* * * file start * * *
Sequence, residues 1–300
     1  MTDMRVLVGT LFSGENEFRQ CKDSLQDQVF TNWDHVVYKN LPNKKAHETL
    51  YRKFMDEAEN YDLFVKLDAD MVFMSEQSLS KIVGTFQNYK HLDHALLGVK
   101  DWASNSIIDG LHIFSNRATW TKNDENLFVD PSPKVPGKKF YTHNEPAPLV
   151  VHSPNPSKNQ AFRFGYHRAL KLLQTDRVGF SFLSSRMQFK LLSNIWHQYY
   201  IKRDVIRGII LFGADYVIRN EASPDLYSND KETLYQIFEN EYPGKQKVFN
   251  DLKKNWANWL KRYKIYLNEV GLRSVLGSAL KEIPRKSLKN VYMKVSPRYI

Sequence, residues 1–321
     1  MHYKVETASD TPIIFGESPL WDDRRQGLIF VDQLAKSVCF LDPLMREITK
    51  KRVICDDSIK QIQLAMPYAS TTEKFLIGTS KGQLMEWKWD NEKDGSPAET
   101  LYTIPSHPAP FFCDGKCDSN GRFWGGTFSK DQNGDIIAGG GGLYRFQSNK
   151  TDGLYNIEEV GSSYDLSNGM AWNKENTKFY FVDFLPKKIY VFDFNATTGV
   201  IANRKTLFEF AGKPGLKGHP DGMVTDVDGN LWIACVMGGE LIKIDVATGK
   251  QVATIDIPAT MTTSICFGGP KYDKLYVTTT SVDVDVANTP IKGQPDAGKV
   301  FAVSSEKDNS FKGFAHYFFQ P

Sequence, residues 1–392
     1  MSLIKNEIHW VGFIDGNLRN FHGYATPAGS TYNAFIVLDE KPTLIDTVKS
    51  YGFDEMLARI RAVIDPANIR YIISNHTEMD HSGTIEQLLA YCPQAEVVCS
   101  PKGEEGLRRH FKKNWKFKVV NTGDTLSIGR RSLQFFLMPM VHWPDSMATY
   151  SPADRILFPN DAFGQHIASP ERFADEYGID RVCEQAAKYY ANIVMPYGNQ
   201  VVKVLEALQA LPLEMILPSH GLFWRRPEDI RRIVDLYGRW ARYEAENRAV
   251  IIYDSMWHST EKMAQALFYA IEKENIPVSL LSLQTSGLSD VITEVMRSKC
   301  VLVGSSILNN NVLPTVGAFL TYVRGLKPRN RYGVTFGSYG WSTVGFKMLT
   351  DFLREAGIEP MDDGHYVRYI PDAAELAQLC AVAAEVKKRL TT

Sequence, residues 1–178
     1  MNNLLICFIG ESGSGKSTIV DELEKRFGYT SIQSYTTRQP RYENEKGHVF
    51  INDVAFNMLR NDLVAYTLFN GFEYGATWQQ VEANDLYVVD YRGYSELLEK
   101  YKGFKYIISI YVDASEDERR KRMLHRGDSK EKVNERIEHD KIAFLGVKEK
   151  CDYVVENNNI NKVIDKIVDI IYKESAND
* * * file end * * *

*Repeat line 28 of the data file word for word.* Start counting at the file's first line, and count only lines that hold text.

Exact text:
   101  YKGFKYIISI YVDASEDERR KRMLHRGDSK EKVNERIEHD KIAFLGVKEK